Actors Who Can’t Do Accents

Some Film Actors like Meryl Streep are adept at playing characters with a whole range of different accents and regional dialects. However, some film actors who should be best kept nameless  but who I will now mercilessly name are best kept to their “mother tongues” because when they try to venture into changing the natural rhythms and cadences of their voices, the results are often quite painful to the human ear.

Park The Cah in Haavad Yaaad

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Having gone to school in Boston, I know that the regional accents are often subtle. I can therefore categorically say that not everyone speaks like John F. Kennedy after a visit to the dentist.  Unfortunately, I don’t think Tom Hans or Rob Morrow ever got my memo.

Sure  Charles Van Doren famously lied about getting the answers on 21 in the film Quiz Show, but I believe the more grievous crime was Rob Morrow’s ridiculously thick “bahstonian” accent in Quiz Show. Its lucky he was a lawyer and not a dialect coach. His clients would sue.

Tom Hanks is a respected actor known for versatility in comedy and drama.  Yet accents are not his strong suit.  Even Forrest Gump where he must put on a southern accent is cartoon-ish and only aided somewhat by the reality that Gump was mentally challenged so therefore  spoke in a halting and overly deliberate way.  But, Hanks bizarrely bad boston accent in “Catch Me If You Can” cannot be attributable to any inferior intellect.  In this instance, Hanks character was in complete control of all his faculties…except for speech.

2 thick accents don’t mix

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Russel Crowe is known for his intensity and dissolving into the characters he plays.  unfortunately his australian accent doesn’t always make the seamless transition.  In A Beautiful Mind or Cinderella Man  his accents it still sounds like a mix of australian/new york or australian/southern.  A mumble-mouthed jumble… a verbal concoction that savages two dialects in the process.  Maybe the more merciful way to go was to dub Crowe’s audio using another actor.

Keanu-Bad

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In the history of bad accents, Keanu Reeves should be given the gold trophy.  In the film Dracula, his accent is so bad you wish that a vampire would put an early end to his life. In the film, “Devil’s Advocate”, Keanu voices a southern accent so fowl, him and his law clients deserved death by lethal injection.  In fact, in most films Keanu seems even barely able to speak his native language, English, with any degree of fluency or meaning . When he is called on to speak, Reeves talking pattern is as awkward as any space alien or a 6 year old reading a Dick and Jane Book for the first time.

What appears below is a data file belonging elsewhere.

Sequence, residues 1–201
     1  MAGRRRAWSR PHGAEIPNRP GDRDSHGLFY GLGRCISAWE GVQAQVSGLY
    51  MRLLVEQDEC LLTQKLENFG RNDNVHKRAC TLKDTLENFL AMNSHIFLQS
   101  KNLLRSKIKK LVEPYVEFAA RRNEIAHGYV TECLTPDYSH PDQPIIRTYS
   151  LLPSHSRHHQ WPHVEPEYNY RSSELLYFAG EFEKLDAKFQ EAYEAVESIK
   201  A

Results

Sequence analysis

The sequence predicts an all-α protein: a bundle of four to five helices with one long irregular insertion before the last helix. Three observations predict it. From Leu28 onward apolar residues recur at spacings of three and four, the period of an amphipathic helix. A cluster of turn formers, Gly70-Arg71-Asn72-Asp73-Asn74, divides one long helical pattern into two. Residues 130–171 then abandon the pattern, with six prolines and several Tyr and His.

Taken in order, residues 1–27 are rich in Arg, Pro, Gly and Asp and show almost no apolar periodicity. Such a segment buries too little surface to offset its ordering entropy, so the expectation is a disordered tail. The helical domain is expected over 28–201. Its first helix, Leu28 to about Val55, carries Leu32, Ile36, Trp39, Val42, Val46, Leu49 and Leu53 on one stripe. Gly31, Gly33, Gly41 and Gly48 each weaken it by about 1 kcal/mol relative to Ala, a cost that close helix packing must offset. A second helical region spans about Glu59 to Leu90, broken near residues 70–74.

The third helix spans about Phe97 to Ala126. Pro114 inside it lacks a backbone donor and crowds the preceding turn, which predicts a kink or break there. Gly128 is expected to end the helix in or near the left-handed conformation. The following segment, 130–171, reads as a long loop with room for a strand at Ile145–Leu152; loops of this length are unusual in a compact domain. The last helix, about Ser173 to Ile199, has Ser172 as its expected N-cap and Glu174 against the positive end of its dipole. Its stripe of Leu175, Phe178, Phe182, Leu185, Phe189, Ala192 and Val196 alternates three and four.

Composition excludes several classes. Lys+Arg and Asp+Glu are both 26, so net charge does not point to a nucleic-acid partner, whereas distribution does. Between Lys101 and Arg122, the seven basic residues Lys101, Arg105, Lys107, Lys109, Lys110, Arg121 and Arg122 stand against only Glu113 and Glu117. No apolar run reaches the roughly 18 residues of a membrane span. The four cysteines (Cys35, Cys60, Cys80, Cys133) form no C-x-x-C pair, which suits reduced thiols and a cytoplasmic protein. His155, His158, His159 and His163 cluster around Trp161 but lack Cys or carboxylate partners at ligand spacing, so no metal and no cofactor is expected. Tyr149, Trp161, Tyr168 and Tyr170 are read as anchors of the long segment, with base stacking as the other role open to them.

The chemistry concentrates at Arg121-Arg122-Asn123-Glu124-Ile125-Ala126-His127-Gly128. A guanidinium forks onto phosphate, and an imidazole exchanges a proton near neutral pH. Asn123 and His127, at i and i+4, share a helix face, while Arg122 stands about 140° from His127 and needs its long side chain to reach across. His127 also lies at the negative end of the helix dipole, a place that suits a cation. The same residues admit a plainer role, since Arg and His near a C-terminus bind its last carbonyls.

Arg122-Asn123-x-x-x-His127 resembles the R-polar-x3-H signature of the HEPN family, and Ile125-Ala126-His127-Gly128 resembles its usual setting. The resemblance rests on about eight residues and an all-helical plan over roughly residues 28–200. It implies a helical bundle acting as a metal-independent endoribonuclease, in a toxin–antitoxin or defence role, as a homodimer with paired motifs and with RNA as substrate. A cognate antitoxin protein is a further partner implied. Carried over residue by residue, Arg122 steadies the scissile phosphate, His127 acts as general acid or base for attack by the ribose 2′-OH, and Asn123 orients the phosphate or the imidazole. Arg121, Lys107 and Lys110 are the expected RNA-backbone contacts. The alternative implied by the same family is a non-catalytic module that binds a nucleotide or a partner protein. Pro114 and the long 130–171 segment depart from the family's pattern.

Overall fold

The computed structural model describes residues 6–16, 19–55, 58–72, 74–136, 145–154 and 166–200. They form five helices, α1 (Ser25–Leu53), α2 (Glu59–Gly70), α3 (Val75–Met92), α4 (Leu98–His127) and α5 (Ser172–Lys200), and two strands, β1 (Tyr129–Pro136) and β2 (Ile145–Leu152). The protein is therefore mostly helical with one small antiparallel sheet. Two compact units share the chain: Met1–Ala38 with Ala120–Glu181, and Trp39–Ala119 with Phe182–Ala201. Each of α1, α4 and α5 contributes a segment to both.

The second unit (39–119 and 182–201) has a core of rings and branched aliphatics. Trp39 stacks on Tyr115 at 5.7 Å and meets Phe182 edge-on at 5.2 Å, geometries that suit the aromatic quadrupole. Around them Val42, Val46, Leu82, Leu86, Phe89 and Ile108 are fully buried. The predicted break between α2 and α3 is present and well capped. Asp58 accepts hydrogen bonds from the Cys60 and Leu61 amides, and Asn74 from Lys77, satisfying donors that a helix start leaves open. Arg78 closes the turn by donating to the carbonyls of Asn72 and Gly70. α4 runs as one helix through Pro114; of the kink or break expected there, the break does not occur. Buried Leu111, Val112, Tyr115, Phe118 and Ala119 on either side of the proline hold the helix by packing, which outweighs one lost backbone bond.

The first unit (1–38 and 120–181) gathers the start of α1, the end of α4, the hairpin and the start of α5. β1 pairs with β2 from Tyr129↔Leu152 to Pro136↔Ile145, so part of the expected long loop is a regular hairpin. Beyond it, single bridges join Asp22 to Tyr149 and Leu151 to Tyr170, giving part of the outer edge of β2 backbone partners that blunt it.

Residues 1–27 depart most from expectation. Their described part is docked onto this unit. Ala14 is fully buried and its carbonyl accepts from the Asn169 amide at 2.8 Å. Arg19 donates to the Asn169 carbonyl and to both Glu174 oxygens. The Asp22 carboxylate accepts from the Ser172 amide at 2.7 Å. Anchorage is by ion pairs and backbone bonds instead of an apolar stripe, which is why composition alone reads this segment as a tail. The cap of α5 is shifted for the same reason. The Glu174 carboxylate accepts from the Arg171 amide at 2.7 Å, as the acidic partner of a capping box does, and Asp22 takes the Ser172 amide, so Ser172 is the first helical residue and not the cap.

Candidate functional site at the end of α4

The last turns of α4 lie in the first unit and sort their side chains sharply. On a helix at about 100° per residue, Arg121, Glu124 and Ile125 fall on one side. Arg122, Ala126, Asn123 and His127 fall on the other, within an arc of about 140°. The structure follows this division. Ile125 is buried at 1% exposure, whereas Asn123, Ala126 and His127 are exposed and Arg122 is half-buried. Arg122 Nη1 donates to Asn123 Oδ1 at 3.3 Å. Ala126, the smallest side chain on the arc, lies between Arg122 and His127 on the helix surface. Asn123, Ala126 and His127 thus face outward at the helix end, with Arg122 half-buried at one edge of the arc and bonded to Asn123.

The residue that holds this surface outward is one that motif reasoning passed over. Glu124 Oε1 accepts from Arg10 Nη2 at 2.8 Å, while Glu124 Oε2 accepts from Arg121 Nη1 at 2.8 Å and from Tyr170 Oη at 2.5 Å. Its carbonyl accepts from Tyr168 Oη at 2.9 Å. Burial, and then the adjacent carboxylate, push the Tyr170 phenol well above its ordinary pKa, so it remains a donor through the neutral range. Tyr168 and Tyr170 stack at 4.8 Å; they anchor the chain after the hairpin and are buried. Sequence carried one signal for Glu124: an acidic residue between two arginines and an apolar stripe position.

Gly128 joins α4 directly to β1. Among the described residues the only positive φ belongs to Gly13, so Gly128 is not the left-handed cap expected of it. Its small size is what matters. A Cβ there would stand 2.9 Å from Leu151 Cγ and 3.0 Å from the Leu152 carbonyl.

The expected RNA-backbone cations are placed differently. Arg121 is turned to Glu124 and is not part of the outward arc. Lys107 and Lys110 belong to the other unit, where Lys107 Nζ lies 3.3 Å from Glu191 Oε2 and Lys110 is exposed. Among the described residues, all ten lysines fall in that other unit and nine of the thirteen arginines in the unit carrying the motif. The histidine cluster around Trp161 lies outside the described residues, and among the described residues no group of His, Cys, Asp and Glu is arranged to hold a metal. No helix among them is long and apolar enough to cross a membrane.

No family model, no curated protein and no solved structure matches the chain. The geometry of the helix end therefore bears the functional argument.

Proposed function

Holly Hunter- The accent from nowhere

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Holly Hunter has an eccentric sounding southern accent which she cannot shake and even sounds out of place in films in which her characters are supposed to have southern roots. Simply put,  her voice doesn’t exactly match her face.  When watching any of her films, you might always find yourself asking,  Why does this character have this weird southern accent?    So film-makers almost have to concoct a colorful backstory to explain why Holly Hunter has an eccentric southern drawl…ie her character often summered in a farm in rural Arkansas. fittingly, she Hunter was honored for an Oscar for  her work in the Piano, in a role in which she did not speak out loud.

Speak Russian?  Nyet!

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I think its safe to generalize and say that most actors cannot do a convincing Russian Accent. Inevitably, they all sound like some variation of “Boris” from the old Bullwinkle Cartoon . For instance  John Malkovich’s ridiculously over-the-top accent in “Rounders”. If he tried that voice in real life, He’d be laughed out of any self-respecting Russian Bathhouse or denied service in any restaurant in Brighton Beach, Brooklyn which served pirogis. Thankfully, in the film “Inside John Malkovich” the actor was not called upon to to illicit any  particular foreign accent. The last thing you’d want to be is trapped in his subconscious or the scene with the multiple malkovich’s all speaking in bad Russian continuously. Nyet, Definitely Nyet!